Why does it matter?
The question “Does your teacher treat you with respect?” can help educators build schools where all students feel their teachers respect them. Teachers are most likely to receive respect from students if they exhibit respect toward students. That’s a human tendency — when disrespectful people demand respect, we don’t want to comply. If you want respect from your students, start by modeling it.
Carol Ann Tomlinson, William Clay Parrish Jr. Professor and Chair of Educational Leadership, Foundation, and Policy at the Curry School of Education, regularly shares advice from prior experience and current research in the field to help early career educators. For the September 2011th volume of ASCD’s Education Leadership, Tomlinson shares strategies for cultivating positive beliefs in the classroom, choosing words carefully, and watching what one does to create a culture of fairness and respect. While emphasizing that it’s OK for teachers to make mistakes sometimes, Tomlinson has some suggestions for how to minimize a teacher’s missteps when it comes to respecting students.
Cultivate Positive Beliefs
Teachers display respect through words and actions. According to Tomlinson, teachers who respect students:
- Understand the power of beliefs in shaping their practice. They rid themselves of any covert persuasion they may have that kids who are like them in race, economic status, language, beliefs, or motivation are somehow better or smarter than those who are unlike them.
- Believe their work can make previously unimpressive students shine—and can raise the ceilings of possibility for impressive students.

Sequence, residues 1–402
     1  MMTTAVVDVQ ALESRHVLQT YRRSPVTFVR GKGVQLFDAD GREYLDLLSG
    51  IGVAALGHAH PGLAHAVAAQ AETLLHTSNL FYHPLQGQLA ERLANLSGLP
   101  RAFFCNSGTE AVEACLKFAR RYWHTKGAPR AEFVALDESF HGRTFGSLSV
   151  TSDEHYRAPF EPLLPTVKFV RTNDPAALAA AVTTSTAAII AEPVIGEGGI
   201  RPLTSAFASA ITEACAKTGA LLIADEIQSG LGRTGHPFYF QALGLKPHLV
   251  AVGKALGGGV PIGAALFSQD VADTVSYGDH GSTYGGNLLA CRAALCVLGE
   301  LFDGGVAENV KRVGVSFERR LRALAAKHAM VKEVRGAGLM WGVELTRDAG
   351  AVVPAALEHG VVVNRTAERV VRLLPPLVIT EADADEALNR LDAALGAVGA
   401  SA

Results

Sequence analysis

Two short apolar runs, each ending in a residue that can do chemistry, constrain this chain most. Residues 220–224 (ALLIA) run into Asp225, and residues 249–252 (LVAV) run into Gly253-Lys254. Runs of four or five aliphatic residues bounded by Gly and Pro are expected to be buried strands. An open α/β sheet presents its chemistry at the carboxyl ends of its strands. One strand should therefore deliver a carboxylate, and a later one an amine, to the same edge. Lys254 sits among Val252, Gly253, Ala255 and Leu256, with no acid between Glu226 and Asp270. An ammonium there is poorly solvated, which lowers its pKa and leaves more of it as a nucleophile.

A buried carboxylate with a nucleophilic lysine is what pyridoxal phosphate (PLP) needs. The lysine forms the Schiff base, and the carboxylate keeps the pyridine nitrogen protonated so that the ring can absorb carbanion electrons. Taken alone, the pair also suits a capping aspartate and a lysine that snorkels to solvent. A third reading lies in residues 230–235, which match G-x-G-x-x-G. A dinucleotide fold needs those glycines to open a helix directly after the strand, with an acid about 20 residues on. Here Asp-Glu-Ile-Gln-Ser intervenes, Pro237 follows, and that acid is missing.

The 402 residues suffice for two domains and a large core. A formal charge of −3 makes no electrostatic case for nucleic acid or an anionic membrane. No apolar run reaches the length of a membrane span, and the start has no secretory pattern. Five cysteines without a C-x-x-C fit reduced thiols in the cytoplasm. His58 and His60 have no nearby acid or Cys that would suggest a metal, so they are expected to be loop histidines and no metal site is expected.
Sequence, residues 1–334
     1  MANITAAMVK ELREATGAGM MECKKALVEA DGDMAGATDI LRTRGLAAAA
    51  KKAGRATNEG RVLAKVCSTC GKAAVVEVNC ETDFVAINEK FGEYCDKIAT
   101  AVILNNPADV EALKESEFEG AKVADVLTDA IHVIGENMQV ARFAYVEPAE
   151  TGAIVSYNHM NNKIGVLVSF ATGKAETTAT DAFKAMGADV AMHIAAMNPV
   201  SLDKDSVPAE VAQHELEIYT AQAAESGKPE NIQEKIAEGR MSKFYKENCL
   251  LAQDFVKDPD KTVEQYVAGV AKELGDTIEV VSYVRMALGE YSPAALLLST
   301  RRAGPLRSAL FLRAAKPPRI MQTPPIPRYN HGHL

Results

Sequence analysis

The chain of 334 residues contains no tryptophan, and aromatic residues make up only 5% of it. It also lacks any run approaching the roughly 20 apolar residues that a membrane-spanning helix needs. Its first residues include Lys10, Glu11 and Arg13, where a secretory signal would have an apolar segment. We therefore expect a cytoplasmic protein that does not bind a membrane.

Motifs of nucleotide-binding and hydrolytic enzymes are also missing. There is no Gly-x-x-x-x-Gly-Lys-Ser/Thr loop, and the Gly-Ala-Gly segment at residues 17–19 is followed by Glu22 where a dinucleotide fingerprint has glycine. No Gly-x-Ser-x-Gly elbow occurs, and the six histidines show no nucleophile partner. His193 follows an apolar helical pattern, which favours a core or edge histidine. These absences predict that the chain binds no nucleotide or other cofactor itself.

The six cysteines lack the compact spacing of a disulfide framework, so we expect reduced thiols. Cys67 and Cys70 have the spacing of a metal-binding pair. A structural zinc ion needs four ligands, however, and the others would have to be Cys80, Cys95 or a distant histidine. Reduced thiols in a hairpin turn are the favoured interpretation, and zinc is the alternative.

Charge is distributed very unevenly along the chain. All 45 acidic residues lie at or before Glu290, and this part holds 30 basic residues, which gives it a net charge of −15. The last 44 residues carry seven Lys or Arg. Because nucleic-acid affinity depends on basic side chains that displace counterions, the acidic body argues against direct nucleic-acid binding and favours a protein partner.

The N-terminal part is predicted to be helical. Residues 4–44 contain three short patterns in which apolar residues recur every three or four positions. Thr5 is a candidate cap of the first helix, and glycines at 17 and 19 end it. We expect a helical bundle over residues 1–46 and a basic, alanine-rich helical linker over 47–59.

- Teach students how to grow academically and personally.
- Enlist students’ partnership in creating a classroom that dignifies each person within it.
Choose Your Words Carefully
When communicating with students, a teacher’s tone matters. So do the words they choose to use. Interruptions, or even facial movements like raising an eyebrow, can impact how a student perceives a teacher’s respect. Tomlinson shares what careful word and tone choice should look for teachers:
- Listen to students—and hear them.
- Use positive humor, not sarcasm.
- Provide corrective feedback in ways that foster student effort.
- Acknowledge student growth.
- Use your words to defuse difficult situations.
Watch What You Do
It doesn’t matter whether or not a teacher believes in a student if the student doesn’t perceive it to be so. In the words of Tomlinson, teachers who act respectfully toward each student will do the following:
- Study their students continually to understand how to teach them better.
- Connect with their students, and connect their students with one another.
- Ensure that each student contributes to the success of the class.
- Make curriculum engaging and meaningful for each student.
- Expect much of each student and provide the support necessary for students to meet those expectations.